Does your Six Flags have fake histories?
August 13, 2014 5:43 AM   Subscribe

At a recent visit to my nearest Six Flags ("Fiesta Texas") I started to notice signs for fake histories of fake towns across the park. Is just a feature of my park, or do ones you've been to have them, too? If so, what are they?

I was really curious to know if they were somehow connected.
posted by bison to Society & Culture (8 answers total) 1 user marked this as a favorite
I think it's a relatively common part of stage-setting in a lot of parks. King's Island, for instance, used to have signs along the queue for The Beast, relating the "legend". I don't know if they're still there, though.
posted by Thorzdad at 5:49 AM on August 13, 2014

I'm not surprised they are there, but I've never seen these (or maybe just not noticed before.) Grew up going to Six Flags over Texas (Arlington) but it's been a while. Went to Great America (Chicagoland) a couple times this year and didn't see any "historical plaques."
Where in the park were they?
posted by missriss89 at 6:05 AM on August 13, 2014

The original Six Flags over Texas had pretensions to historicity, and did have signs at the entrance to each of the eponymous sections giving a brief description of how and when that flag came to be raised over Texas, but they were not fake, and not about "towns" so much as historical periods.
posted by ubiquity at 6:15 AM on August 13, 2014 [6 favorites]

It's not (exactly) a theme park, but the sprawling retirement community The Villages, an hour out of Orlando, also has a lot of fake "historical" plaques about their town squares through the ages.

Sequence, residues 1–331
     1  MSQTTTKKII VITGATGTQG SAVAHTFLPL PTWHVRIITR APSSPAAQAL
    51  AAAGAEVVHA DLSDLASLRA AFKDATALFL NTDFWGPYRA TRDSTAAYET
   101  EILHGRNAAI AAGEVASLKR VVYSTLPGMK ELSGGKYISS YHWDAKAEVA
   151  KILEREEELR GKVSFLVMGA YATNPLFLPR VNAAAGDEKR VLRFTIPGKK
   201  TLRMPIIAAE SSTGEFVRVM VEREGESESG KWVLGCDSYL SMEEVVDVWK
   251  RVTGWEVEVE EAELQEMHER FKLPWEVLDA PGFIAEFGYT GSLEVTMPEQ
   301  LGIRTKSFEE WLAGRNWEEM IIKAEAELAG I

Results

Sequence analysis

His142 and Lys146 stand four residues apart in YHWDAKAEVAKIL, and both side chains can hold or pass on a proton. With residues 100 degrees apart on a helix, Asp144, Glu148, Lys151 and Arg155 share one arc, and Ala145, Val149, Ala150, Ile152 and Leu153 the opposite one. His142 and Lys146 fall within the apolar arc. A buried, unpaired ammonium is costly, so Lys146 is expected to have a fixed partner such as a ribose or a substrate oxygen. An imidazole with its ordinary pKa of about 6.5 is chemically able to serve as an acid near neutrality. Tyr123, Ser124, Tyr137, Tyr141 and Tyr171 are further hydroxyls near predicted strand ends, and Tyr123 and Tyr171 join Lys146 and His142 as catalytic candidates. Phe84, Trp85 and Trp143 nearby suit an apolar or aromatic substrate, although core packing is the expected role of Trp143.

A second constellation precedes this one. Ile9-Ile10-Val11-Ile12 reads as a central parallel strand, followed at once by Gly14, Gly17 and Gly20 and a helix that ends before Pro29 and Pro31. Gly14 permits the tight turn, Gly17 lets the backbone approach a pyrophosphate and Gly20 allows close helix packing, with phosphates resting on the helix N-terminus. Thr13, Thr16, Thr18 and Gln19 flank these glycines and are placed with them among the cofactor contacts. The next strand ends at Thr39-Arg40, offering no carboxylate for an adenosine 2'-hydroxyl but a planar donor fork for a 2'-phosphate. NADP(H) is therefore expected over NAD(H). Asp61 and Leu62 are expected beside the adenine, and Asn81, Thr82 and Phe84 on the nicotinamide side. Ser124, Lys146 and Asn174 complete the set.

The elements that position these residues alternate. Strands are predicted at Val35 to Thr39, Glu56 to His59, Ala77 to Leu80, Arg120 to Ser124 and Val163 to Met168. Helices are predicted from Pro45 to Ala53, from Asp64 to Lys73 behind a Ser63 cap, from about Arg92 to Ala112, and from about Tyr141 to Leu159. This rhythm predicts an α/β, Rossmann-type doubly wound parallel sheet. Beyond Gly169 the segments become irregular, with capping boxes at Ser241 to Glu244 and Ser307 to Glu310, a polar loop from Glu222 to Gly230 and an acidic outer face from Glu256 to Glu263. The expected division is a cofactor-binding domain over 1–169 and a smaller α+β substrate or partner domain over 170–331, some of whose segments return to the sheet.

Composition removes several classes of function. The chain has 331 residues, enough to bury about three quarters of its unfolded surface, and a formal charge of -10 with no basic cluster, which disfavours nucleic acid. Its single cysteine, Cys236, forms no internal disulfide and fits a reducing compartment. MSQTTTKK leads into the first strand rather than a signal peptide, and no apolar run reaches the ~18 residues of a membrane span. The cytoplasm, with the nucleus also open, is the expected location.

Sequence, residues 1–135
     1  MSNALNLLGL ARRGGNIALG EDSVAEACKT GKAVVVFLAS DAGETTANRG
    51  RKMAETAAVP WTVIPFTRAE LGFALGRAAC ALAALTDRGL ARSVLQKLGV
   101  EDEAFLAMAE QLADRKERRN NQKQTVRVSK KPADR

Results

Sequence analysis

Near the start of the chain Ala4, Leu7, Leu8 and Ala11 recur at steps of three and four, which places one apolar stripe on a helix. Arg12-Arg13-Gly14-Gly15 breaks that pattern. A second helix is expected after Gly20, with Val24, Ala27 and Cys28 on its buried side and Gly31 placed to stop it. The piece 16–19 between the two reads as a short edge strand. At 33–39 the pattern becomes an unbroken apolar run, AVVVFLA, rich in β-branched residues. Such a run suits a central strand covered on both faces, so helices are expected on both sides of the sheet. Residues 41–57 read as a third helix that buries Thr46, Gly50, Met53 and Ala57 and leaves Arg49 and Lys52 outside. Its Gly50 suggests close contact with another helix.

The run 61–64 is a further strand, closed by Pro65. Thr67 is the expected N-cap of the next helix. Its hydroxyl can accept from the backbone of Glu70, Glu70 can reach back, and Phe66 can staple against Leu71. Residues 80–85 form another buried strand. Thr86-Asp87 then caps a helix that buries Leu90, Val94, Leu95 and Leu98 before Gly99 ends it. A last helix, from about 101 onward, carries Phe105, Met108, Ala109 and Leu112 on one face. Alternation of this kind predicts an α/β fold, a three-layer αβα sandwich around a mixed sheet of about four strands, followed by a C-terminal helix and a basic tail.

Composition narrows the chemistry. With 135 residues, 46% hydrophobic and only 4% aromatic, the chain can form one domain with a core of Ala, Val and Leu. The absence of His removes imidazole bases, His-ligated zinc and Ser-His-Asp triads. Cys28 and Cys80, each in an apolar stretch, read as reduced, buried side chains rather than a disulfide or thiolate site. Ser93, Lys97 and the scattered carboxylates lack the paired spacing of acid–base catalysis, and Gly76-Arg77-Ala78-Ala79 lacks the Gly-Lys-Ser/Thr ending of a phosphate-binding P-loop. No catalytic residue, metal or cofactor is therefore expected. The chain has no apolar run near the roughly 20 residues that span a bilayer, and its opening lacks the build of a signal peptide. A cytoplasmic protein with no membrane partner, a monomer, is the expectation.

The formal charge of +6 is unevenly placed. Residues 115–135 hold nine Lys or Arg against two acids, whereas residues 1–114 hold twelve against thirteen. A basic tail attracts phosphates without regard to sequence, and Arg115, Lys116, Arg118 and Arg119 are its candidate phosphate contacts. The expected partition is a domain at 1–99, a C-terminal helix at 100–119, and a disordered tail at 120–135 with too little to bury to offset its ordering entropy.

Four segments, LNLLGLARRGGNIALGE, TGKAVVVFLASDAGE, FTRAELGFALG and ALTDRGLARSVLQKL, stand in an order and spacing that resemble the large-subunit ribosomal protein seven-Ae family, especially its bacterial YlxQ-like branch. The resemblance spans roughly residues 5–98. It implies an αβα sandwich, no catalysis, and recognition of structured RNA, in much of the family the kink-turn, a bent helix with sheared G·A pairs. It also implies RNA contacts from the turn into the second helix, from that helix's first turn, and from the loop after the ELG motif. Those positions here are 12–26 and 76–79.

posted by COBRA! at 7:19 AM on August 13, 2014

The Six Flags name is a reference to the 6 different soverign flags that have flown over Texas (Spain, France, Mexico, Republic of Texas, United States, and Confederate States), and the park was originally highlighting the history of Texas. I would bet the plaques are a holdover from that. Here is some more history.
posted by goggie at 7:35 AM on August 13, 2014

Fiesta, Texas in San Antonio is different from the original Six Flags over Texas in Arlington. It was originally a Texas-themed theme park and has homogenized over time.
posted by grouse at 8:14 AM on August 13, 2014

Response by poster: The two that I recall off the top of my head are at Crackaxle Canyon and Rockville. There is also one for a stage near the front entrance.

For Crackaxle Canyon, there is a large boulder with a plaque on it--akin to the "Texas Historical Society" ones you see across the state. It says that this particular boulder came off a mountain where they were blasting their way through the canyon. The boulder cracked the train tracks, and it gave rise to the name of "one of Texas's great towns".

Another is on a statue at Rockville for "JP Rock", a man holding a fiddle, right in front of Rockville High. It talks about Rock's love of music (duh) and how he founded a musical competition. The plaque here says it was established in 1940. (Fiesta Texas, FYI, was created in 1992.) - Pictured here

The plaque for the stage is on the base of a very elaborate statue of a Folklorico dancer. The plaque gives the dancer's history and how she danced on this stage. - Pictured here

I like that these give a sense of place, but it's so elaborate, that I wondered if they do this everywhere.
posted by bison at 9:18 AM on August 13, 2014

Best answer: Right, that was the conceit of the place, there were originally four theme sections: Crackaxle Canyon, Los Festivales, Spassburg, and Rockville. Six Flags didn't design Fiesta Texas this way, they just bought it later. They (Six Flags) weren't responsible for it here, so they can't do it everywhere.
posted by grouse at 9:54 AM on August 13, 2014 [1 favorite]

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